My last blog post about trash cans on London streets turned out to be quite controversial.
It wasn’t my blog post that caused a furor but I guess a few other folks in London were on the same wavelength as me when they came across these bins. In case you missed my last post, here’s a quick summary. A company in England has tricked out a whole network of trash cans in London with LED displays that serve advertising. But these bins were also collecting and tracking information on folks who were walking by. This market demographic could then be used to sell more advertising to companies trying to reach their perfect consumer.
Anyway, yesterday the City of London, which is a corporation by the way (that was a new one to me), asked the company behind these trash cans to stop tracking people. The BBC has done a wonderful job of covering the news so if you’d like to read the story firsthand here’s a link. I guess we’re not quite ready for a brave new world after all.
While I was wondering whether I should update my previous blog post or not, I came across another story that also dealt with lighting but from a completely different angle. So I thought a lighting inspired post would be very appropriate indeed.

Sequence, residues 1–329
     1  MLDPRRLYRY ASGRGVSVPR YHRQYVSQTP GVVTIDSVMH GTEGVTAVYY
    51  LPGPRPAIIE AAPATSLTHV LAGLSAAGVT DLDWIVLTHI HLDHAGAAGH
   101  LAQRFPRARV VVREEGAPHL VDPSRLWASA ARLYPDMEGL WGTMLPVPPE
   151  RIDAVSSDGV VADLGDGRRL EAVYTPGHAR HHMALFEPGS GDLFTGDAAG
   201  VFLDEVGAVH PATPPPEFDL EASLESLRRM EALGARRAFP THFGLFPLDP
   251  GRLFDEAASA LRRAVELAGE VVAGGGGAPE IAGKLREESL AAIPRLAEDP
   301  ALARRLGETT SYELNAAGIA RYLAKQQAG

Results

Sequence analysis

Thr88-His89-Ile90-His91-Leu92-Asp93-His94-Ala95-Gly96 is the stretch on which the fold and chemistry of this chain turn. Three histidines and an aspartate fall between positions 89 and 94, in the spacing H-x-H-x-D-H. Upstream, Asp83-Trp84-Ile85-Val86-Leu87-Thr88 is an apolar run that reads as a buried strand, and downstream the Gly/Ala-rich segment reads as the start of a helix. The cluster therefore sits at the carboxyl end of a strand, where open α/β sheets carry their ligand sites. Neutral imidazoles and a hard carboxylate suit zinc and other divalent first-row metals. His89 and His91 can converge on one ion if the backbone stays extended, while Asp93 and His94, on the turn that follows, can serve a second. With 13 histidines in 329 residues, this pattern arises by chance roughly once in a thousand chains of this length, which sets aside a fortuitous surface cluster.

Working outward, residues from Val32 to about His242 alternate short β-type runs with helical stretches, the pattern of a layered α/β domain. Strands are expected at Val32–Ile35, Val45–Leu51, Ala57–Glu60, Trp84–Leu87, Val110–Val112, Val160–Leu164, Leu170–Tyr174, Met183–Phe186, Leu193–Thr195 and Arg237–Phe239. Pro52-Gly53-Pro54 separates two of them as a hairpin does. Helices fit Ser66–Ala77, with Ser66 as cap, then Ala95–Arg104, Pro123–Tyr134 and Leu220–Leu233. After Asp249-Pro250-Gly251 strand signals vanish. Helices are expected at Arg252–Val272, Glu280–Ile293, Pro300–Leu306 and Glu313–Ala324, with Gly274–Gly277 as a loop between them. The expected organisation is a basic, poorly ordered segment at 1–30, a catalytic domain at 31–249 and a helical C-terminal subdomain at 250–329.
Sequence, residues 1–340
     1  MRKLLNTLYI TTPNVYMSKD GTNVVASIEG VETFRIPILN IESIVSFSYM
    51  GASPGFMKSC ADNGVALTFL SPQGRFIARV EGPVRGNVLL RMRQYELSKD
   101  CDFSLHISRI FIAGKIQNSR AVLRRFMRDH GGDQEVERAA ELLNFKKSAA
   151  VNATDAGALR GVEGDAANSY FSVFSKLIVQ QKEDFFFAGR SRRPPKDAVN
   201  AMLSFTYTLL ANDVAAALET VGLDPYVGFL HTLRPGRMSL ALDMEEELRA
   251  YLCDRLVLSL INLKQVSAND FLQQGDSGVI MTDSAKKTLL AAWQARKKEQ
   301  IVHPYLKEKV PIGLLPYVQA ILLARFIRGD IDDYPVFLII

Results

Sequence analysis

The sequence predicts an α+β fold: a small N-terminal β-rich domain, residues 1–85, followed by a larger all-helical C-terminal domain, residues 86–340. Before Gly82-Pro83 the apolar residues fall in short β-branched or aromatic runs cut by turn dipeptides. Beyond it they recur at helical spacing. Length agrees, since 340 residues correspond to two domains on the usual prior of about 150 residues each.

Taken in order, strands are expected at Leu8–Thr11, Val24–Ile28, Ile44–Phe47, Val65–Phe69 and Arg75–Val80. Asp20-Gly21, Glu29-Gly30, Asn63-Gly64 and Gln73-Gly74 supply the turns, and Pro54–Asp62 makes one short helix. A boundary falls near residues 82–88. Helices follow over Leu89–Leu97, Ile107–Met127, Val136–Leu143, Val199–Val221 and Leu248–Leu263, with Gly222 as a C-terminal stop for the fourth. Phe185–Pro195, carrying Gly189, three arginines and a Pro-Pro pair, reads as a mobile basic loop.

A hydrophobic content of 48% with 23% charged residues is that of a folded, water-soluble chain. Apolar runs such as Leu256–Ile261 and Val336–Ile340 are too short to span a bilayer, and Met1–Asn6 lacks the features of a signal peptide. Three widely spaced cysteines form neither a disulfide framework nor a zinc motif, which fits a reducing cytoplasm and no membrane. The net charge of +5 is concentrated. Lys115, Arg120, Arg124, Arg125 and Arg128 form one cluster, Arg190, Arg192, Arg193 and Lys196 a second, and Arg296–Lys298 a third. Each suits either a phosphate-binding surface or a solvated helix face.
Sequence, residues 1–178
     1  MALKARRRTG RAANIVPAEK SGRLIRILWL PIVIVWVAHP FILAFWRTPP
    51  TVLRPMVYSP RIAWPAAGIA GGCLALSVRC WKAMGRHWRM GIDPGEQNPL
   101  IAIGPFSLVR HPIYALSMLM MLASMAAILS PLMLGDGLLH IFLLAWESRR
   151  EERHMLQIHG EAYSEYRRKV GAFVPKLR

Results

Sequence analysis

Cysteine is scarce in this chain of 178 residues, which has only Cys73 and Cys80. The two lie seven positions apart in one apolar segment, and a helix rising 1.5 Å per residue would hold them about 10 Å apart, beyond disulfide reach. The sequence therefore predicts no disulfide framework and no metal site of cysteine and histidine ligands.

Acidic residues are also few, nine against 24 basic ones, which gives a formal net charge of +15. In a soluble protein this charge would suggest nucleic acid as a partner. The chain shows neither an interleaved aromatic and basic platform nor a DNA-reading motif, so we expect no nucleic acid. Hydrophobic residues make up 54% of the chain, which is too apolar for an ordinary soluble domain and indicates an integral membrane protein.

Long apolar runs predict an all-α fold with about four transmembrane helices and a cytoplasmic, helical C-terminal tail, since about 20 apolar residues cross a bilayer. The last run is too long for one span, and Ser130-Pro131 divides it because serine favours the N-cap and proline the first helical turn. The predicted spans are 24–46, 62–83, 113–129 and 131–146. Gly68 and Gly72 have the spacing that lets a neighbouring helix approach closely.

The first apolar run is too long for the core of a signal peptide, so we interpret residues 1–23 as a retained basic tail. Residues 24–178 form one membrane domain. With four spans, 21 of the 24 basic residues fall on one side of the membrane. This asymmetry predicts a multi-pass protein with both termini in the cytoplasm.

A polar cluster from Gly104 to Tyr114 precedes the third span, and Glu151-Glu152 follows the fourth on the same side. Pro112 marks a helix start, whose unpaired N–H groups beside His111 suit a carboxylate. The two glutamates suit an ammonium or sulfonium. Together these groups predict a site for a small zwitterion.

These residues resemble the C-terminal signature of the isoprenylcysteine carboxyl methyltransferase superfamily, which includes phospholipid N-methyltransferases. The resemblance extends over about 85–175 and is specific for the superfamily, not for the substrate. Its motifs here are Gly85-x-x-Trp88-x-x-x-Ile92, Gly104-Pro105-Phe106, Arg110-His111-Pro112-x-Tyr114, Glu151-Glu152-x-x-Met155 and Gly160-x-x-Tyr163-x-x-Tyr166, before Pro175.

And that brings me to Mr. Alfredo Moser, a Brazilian mechanic. Mr. Moser has come up with a low tech method of lighting his house during the day due to chronic power outages in his neighborhood. The “Moser lamp” is a mini skylight and consists of a plastic bottle, some bleach, water, a bit of polyester resin and a lot of sunlight. The solution is so elegant in its simplicity that one has no option but to sit back and marvel. And the beautiful thing is that Mr. Moser has shared his technique with everyone for … free. Apparently 140,000 homes in the Philippines are using the Moser lamp and 15 countries have adopted it as well. And it certainly looks like this is just the beginning. If you haven’t come across the Moser lamp, then you really need to read this article.
When I finished reading the article I sat there with a smile. Now that is not only a green idea but it packs in quite a good return on investment (ROI) too! It goes to show you that often the best ideas are the simplest ones. All you need is inspiration.
If only all ideas were this simple. But for the ones that are not it’s a good thing that we’ve got tools such as CFD to help engineers dream up some wonderfully complicated products.
Here’s to all the dreamers and engineers of the world lighting our way to brighter futures.
Until next time,